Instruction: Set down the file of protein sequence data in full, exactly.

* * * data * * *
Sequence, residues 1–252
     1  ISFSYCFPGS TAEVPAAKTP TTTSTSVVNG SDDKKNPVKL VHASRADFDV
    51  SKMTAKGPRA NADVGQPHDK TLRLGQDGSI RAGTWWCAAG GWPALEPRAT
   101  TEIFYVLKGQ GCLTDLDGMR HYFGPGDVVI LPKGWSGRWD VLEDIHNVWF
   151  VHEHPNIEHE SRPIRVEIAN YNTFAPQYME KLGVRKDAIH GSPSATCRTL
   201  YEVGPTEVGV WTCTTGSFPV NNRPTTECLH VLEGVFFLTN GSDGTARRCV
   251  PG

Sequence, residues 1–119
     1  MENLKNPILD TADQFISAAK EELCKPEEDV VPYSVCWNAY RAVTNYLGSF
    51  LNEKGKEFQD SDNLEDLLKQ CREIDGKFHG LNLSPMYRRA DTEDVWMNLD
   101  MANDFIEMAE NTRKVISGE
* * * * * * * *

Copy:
Sequence, residues 1–252
     1  ISFSYCFPGS TAEVPAAKTP TTTSTSVVNG SDDKKNPVKL VHASRADFDV
    51  SKMTAKGPRA NADVGQPHDK TLRLGQDGSI RAGTWWCAAG GWPALEPRAT
   101  TEIFYVLKGQ GCLTDLDGMR HYFGPGDVVI LPKGWSGRWD VLEDIHNVWF
   151  VHEHPNIEHE SRPIRVEIAN YNTFAPQYME KLGVRKDAIH GSPSATCRTL
   201  YEVGPTEVGV WTCTTGSFPV NNRPTTECLH VLEGVFFLTN GSDGTARRCV
   251  PG

Sequence, residues 1–119
     1  MENLKNPILD TADQFISAAK EELCKPEEDV VPYSVCWNAY RAVTNYLGSF
    51  LNEKGKEFQD SDNLEDLLKQ CREIDGKFHG LNLSPMYRRA DTEDVWMNLD
   101  MANDFIEMAE NTRKVISGE